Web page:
MIDDLESEX, NJ—A health insurance broker reportedly caught up in a state pay-to-play probe has been dumped by one Middlesex County town where it had been considered for a municipal contract.
The Middlesex Borough Council named Alamo Insurance Group as its a risk management consultant for 2021 on February 9, opting not to hire Acrisure, the embattled Michigan-based firm that was up for appointment in January until the action got tabled.
The risk management appointment had been left unresolved for two meetings.
Council President James Eodice said members of the Middlesex governing body began having reservations about the hire after reading news reports of a state Attorney General’s investigation into public health contracts handled by Acrisure or its partners.
According to those reports, subpoenas do not name the firm or its partner agencies, but have sought documents related to contracts they handle in Plainfield and Bergen County.
“When you really dig into what happened in Plainfield, it’s subject to some serious red flags,” said Eodice, who looked into the matter further after reading the news reports. “A bunch of us on the council said we don’t want to be connected with that in any way.”
Acrisure served as Middlesex Borough risk manager in 2019. The town used a different firm last year, but was considering bringing Acrisure back after proposals were received from several firms for 2021.
Officials have said Acrisure provided exemplary service two years ago. Instead, the Middlesex council now plans to appoint Secaucus-based Alamo Insurance Group as risk manager.
Even though Acrisure did quality work in 2019, the council will not ignore word of the investigation, according to Eodice. To do so, he added, would “breed something down the road.”
Middlesex Mayor John Madden does not have a vote on the appointment, but supports the move planned by the Council. “They’re not going to tolerate situations like this,” Madden said.
Meanwhile, the state Attorney General’s Office is staying mum on the reported probe of pay-to-play in public health sector insurance contracts. Brokers are often appointed by Garden State government entities to help obtain cost-effective health insurance.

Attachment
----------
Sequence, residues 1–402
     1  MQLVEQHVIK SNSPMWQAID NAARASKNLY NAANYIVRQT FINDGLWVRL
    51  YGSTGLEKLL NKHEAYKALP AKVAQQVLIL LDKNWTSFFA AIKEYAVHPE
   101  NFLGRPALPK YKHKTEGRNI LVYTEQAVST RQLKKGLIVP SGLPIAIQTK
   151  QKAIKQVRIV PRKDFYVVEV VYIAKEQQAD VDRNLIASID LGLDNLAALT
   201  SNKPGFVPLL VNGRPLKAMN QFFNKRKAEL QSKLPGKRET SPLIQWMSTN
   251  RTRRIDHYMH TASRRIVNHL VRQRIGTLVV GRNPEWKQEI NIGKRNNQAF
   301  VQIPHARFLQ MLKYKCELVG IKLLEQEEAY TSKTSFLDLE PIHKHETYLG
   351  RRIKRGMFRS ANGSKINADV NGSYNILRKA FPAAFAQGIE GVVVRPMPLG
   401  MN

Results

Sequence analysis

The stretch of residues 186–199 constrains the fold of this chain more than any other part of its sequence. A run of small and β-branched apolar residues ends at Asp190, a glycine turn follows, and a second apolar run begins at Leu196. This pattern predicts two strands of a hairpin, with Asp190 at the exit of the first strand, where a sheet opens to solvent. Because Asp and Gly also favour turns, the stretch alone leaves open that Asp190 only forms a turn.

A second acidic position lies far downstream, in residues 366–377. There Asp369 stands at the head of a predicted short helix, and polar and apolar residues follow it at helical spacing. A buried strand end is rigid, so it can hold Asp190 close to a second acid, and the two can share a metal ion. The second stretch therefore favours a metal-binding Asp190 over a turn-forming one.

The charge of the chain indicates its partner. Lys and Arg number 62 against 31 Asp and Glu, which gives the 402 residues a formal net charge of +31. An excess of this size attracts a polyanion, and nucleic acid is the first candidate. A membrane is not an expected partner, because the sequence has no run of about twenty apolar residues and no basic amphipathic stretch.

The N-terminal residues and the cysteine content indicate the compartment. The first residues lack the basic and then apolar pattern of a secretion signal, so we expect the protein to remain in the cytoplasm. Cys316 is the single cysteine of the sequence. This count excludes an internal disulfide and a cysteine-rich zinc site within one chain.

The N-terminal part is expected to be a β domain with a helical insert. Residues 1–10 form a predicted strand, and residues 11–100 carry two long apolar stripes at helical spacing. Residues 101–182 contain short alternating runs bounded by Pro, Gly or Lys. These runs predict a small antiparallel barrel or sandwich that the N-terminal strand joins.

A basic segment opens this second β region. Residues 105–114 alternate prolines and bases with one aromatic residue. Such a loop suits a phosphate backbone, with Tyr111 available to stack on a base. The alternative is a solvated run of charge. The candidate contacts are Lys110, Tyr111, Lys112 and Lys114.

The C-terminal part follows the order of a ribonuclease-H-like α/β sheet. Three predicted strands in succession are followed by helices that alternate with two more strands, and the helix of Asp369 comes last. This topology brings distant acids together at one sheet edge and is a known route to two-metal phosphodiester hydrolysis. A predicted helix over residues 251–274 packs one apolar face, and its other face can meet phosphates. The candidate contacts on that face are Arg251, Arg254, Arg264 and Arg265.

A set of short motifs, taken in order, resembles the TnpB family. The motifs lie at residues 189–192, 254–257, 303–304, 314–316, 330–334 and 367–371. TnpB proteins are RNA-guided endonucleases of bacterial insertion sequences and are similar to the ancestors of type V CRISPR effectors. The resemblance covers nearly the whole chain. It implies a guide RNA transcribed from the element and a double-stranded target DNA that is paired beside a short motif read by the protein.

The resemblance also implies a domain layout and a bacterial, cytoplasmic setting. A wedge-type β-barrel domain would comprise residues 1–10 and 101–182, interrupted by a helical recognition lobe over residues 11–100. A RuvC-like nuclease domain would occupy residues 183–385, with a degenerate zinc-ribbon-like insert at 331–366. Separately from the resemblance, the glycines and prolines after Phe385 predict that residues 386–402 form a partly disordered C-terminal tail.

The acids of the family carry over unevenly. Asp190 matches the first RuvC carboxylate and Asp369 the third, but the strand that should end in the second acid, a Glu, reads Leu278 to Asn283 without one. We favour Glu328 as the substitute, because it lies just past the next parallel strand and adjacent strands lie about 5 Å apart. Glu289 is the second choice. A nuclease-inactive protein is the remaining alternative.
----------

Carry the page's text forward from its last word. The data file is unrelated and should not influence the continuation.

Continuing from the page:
“Our policy is that we neither confirm nor deny investigations,” Peter Aseltine, a spokesman for the Attorney General’s Office replied on February 5 when contacted by New Brunswick Today.
The Attorney General’s Office is investigating the City of Plainfield’s employee health contract and the timing of certain political donations, according to a November report on NorthJersey.com. Reliance Insurance Group, a division of Acrisure, handles Plainfield’s health insurance contract.
Gary Taffet, a Democratic political insider and prolific campaign donor in Middlesex County, founded Reliance in 2006. It became an Acrisure “agency partner” seven years later.
As we reported, Taffet paid $725,000 to resolve an investigation by the federal Securities and Exchange Commission in 2005 after he resigned as Chief of Staff to Governor Jim McGreevey.
Taffet is one of several “insiders” and Acrisure employees who reportedly “pumped more than $100,000 worth of campaign donations to lawmakers dating back to 2015 and sometimes days before those lawmakers voted on awarding lucrative contracts to Acrisure,” according to WNYC’s Gothamist.
Bergen County’s health contract is another being probed. That contract is handled by a different Acrisure partner.
Subpoenas issued to Plainfield and Bergen have reportedly asked for records such as brokerage services contracts, quote requests and business disclosure forms.
A report by OurEdison.com said that Edison officials would not comment on whether municipal health insurance contracts there had been subpoenaed. Acrisure received a $242,000 contract in Edison January 2020 to provide risk management consulting services, according to the report.
Edison and Middlesex Borough are both members of the Central Jersey Joint Insurance Fund (CJJIF). That fund comprises a total of 13 towns that pool resources in an attempt to reduce insurance costs.
Middlesex Borough officials have not revealed how much Acrisure stood to be paid in 2021 to serve as risk manager, noting that the consultant’s cost would have been paid by the CJJIF.
While the Attorney General is reportedly focusing on political donations, that hasn’t prompted Acrisure representatives to completely shut down campaign contributions, according to the Election Law Enforcement Commission (ELEC) records.
State Senator Nicholas Scutari, who represents the 22nd legislative district that includes Middlesex Borough and Plainfield, has received $5,050 in donations from Acrisure employees for his 2021 primary campaign, ELEC filings say.
That total includes a $500 donation from Acrisure employee Lou Beckerman last November and a total of $2,000 from Taffet from 2018-2020.